Masaka Regional Referral Hospital Director, Dr Nathan Onyachi has advised government to consider treating some Covid-19 patients from home in a bid to decongest the treatment centres at various regional hospitals.
Dr Onyachi suggest that patients who do not present the known signs of the disease should be sent back home and also give room to others to be treated.
The most common symptoms of Covid-19 are fever, cough, sore throat and shortness of breath. However, some patients categorised as asymptomatic do not present any of these signs or symptoms.
According to Dr Onyachi some of the Covid-19 patients they have examined can be attended to from their homes so as to create space for other patients suffering from equally life-threatening illnesses like diabetes, hypertension, asthma and heart-related diseases.
While at home, the director said health workers will keep monitoring the patients on phone and routine checks in case of any emergency.
"The patients we have especially youth below 35 years are spending most of the time in the ward playing music and dancing which has shot up our utility bills, such people can be monitored from their homes and we remain with patients who show serious signs, those in advanced in age and those on drugs with other serious ailments," he said.
Dr Onyachi said he is yet to submit his proposal to government and hopes it will be considered.
"We are still lucky that no one has died of Covid-19 yet, but many of our people with equally deadly diseases could be there suffering because much of the attention is put on coronavirus," he said.
Available data from the Ministry of Health shows that 57.4 percent of the treated Covid-19 patients in the country don't present any of the known symptoms.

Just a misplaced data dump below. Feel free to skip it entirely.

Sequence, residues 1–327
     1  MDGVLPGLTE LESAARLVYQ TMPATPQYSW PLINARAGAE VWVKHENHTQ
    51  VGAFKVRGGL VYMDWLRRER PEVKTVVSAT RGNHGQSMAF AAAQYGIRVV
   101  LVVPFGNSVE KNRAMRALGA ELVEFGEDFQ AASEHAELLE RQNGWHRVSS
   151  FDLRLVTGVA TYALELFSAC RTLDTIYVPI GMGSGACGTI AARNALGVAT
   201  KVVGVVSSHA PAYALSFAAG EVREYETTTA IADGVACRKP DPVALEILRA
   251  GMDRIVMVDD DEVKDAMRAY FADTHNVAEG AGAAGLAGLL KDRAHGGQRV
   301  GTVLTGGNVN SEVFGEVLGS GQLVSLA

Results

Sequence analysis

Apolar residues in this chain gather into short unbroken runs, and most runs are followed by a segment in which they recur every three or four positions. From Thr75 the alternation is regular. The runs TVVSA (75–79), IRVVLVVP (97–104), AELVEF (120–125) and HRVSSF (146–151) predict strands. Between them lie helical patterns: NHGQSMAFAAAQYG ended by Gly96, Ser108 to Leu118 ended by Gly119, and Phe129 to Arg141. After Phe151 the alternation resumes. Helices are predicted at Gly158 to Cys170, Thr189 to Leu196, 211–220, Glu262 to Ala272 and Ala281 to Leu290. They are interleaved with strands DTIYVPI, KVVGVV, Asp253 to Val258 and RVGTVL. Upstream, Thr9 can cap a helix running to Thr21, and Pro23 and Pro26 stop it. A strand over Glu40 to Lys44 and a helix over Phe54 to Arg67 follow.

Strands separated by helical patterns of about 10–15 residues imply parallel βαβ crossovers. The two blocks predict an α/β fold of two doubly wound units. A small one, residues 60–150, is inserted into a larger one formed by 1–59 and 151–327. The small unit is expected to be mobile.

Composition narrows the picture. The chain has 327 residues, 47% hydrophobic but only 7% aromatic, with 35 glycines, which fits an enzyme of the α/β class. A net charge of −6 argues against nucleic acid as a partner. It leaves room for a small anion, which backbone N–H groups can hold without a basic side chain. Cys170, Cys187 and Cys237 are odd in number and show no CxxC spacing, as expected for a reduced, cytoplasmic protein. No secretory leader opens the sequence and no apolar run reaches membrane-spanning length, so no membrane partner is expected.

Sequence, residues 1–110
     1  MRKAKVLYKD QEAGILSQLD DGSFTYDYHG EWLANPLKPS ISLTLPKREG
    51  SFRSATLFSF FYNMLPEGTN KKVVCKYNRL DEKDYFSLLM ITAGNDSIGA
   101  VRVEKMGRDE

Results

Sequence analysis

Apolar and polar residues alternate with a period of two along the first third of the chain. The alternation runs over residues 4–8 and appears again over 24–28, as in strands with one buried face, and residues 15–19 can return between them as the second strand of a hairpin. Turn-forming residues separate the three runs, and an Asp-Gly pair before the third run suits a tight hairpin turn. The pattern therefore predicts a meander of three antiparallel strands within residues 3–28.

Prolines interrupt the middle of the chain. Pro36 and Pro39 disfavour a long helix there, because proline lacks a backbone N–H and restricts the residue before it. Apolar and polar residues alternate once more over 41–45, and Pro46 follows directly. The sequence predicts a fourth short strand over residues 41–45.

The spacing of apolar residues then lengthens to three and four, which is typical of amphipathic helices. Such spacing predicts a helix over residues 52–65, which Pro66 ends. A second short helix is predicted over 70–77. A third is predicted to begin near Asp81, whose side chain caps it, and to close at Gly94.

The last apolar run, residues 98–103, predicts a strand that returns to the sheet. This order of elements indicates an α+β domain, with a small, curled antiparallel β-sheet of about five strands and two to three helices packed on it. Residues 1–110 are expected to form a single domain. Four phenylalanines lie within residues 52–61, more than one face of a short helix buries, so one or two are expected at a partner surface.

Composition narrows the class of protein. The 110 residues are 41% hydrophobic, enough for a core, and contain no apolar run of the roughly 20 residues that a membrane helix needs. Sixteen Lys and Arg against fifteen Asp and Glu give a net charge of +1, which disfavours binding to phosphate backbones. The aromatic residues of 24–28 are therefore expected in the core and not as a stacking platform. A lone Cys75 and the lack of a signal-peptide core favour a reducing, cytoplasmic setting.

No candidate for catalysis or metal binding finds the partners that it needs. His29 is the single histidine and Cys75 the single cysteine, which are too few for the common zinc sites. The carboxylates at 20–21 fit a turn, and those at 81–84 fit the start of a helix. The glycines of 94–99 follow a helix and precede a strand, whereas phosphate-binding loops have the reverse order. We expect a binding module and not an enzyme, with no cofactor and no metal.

The data further shows that of those that presented symptoms, 43 percent had cough while 37 percent presented with fever and chest pain.
Dr Onyachi indicated that almost all regional hospitals have run out of beds for Covid-19 patients.
"In our case, we had to discharge all mental patients and turned their ward into a Covid-19 treatment centre, but it's now full and we are considering sending home Tuberculosis (TB) patients in order to admit more Covid-19 patients," the hospital director said.
However, when contacted, Dr Diana Atwiine, the Permanent Secretary, Ministry of Health, said it will be risky to allow confirmed cases to return to the community as they would infect others.
"Dr Onyachi 's suggestion of decongesting the facilities is good, but the government can't take positive cases to their homes given the behaviors of Ugandans, if they[Ugandans] have adamantly refused to wear masks, how will they isolate themselves at home?" she said.
Dr Atwine said the ministry is in advanced stages of creating special centres around the country to handle asymptomatic cases in bid to decongest the facilities.
"The ministry is considering creating a special facility for the people without signs and concentrate on those with serious signs and we shall officially announce our plan soon," she said.
Dr Onyachi said although the Covid-19 treatment centre was designated to manage cases from Mutukula border point at the Uganda-Tanzania entry point, they are also receiving cases from as far as Isingiro and Rakai districts.
The rate of Covid-19 infection has been increasing rapidly in the past two months. The current tally stands at 457 confirmed cases including seven frontline health workers who contracted the virus and are now being treated.